When I started out as an indie author a few years ago, my first "sprint" was writing and releasing some short stories and novellas online. I didn't start out writing an epic series of novels, I just wanted to take the first small steps. I knew I was probably going to lose steam after a while anyways, and want to do something else. And instead of having a half-written novel on my computer that no one would see, I could have a few stories out there in the world, gathering readers and reviews.
It was the same with my YouTube channel. I knew I probably wouldn't want to be a YouTuber for life, or even make art professionally, full-time, for the rest of my life. But it was what excited me at the time, and I knew that every video I made would sit there gathering views and subscribers for many years afterward. My work wouldn't be lost.
The biggest mistake I've made throughout my career is not juggling too many things at once, or even quitting, but shutting down or hiding my previous work. Why did I do that? Because it cost too much money to have lots of websites and email lists running at the same time. And because it didn't fit my current persona or whatever new thing I wanted to do. I've felt like I could only show one version of myself at a time, and so I've divided myself and my different passions into separate silos, and never the twain shall meet. This has led to a lot of lost work and progress that I wish I could have kept and maintained.
Think of every new project as planting a seed for a tree. It might need a little initial effort, but then it will grow with or without your involvement. You don't need to feel guilty for not tending to the tree all the time. You can have periods where you actively grow the tree by watering, fertilizing, pruning, and weeding. And other periods where you just let it grow on its own. But the tree's going to grow regardless, unless you cut it down.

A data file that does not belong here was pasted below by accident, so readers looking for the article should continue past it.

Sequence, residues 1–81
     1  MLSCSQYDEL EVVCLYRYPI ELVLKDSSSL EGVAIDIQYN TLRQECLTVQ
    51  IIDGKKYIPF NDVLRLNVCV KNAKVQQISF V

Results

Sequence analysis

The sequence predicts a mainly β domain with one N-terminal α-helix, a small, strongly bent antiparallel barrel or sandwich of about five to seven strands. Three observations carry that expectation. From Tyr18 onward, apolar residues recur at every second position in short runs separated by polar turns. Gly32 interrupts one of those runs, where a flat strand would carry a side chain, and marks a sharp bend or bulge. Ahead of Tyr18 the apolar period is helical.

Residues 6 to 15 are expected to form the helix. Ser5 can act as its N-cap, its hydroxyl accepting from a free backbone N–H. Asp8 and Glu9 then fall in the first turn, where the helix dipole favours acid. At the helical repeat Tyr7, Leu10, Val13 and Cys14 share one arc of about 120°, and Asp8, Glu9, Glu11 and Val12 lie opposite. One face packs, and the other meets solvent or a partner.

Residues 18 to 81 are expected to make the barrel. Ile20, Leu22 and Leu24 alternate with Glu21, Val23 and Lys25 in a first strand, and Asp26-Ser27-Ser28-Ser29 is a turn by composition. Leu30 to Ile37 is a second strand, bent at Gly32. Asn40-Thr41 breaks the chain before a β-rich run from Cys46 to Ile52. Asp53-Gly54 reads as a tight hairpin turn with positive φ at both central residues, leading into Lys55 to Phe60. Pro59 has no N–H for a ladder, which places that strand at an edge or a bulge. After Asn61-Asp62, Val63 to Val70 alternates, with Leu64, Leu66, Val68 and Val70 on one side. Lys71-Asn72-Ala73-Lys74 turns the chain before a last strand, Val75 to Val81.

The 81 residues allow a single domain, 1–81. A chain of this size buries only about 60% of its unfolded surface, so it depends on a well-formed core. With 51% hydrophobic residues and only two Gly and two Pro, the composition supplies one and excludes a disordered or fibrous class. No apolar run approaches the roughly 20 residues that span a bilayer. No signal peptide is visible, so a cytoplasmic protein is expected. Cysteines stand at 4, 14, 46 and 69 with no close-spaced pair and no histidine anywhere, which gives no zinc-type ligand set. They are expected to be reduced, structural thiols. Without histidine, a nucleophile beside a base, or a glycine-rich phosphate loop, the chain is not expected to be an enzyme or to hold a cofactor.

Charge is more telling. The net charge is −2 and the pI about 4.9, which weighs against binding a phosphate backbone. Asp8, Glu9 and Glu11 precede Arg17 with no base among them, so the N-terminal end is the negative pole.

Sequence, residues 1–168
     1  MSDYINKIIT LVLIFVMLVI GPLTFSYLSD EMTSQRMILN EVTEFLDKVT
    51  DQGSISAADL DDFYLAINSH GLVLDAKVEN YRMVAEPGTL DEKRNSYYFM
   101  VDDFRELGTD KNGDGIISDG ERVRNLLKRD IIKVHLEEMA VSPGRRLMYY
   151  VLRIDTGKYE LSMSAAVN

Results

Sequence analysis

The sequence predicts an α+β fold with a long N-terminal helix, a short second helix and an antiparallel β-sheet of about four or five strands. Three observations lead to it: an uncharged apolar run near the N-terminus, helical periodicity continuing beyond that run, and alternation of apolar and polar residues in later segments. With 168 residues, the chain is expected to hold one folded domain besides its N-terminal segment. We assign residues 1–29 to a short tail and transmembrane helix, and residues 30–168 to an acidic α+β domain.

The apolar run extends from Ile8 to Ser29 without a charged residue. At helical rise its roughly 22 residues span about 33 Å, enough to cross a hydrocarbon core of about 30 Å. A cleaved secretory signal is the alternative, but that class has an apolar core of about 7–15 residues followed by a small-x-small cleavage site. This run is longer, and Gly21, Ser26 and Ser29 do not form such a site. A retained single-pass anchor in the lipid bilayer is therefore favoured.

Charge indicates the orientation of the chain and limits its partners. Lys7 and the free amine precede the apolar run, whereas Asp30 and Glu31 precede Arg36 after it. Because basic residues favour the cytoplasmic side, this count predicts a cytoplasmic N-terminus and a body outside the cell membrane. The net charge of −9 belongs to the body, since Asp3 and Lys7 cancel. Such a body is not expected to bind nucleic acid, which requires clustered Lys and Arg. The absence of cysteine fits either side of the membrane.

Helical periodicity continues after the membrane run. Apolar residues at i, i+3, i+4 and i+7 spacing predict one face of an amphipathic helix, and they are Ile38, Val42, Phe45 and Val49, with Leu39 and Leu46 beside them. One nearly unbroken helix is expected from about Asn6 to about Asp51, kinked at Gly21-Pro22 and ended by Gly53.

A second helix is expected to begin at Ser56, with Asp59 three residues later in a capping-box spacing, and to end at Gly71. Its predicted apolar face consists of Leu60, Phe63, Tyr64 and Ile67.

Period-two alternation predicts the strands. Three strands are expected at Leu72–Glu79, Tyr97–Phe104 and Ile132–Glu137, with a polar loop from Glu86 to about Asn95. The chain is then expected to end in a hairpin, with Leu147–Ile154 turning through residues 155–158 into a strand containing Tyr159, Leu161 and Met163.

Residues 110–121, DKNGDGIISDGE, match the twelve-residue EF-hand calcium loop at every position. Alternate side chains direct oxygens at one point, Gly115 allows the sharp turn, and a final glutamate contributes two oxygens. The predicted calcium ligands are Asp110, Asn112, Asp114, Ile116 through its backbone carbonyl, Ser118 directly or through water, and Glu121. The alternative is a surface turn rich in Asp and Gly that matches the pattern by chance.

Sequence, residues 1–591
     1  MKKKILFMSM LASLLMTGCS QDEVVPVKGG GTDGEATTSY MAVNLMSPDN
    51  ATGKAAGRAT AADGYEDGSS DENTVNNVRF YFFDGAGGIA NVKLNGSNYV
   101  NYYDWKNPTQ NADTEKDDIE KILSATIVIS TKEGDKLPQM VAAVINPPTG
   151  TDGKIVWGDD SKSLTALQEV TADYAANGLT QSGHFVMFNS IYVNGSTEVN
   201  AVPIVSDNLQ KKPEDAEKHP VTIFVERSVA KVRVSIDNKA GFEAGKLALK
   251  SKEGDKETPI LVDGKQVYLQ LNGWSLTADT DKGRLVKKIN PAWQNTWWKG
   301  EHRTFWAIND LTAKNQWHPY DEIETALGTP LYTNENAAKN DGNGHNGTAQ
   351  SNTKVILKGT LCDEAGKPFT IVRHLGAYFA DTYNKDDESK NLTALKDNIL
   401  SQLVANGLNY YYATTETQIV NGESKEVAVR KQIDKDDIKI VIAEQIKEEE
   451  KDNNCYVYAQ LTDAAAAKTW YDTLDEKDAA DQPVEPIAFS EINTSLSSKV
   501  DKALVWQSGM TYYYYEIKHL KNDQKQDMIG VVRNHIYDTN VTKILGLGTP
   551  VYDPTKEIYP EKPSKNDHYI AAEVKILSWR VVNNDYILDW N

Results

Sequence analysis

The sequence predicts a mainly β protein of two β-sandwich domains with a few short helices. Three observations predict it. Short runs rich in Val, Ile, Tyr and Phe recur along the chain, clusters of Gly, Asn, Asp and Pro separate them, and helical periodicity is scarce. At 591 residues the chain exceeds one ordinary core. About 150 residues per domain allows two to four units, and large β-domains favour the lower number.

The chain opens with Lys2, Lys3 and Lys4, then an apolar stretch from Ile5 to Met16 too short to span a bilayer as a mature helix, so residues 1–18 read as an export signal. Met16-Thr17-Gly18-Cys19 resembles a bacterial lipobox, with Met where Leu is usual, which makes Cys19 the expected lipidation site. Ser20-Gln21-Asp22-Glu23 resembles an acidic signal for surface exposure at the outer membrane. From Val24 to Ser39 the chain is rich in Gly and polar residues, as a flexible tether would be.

Just get the tree/project going, work with it in sprints, and avoid taking it down. That's my current method for how to be multi-passionate and still get somewhere, slowly but surely.
3. Being my own boss
Are there jobs and employments suitable for multi-passionate creatives? Sure. I've had a few of them. But I quickly realized that the more I insisted on working for other people, the more stuck I would be in a perpetual cycle of starting from scratch, building up steam, disappointing everyone and myself, quitting, and then starting from scratch again someplace else. This was what my early years on the job market looked like. Me, frantically running around, trying to fit my various skills and interests into ill-fitting professions that just ended up boring me or burning me out after six months. Because I just couldn't stand the thought of doing the same thing every day, at the same desk, with the same co-workers, for years and years.
As a freelancer/entrepreneur/self-employed person, I was free to work when and where I wanted, on whatever I wanted, and however I wanted. I could do several things simultaneously. I could collaborate with others, or not. I could have multiple income streams, active and passive. I could make use of all the skills I'd acquired, while also building new skills.
One of the first ways I managed to thrive in my career was as a freelance writer. I realized, thanks to a freelance journalist blogger I discovered, that there was no barrier to entry to write for magazines. If you could write, and you had an idea for an article, you could just pitch it to editors. And if they liked it, they would buy it.
I tried it out for myself, and it worked. Some magazine editors wanted to pay me for writing for them. They didn't ask to see if I had a journalism degree (I didn't.) They didn't even care about my resume.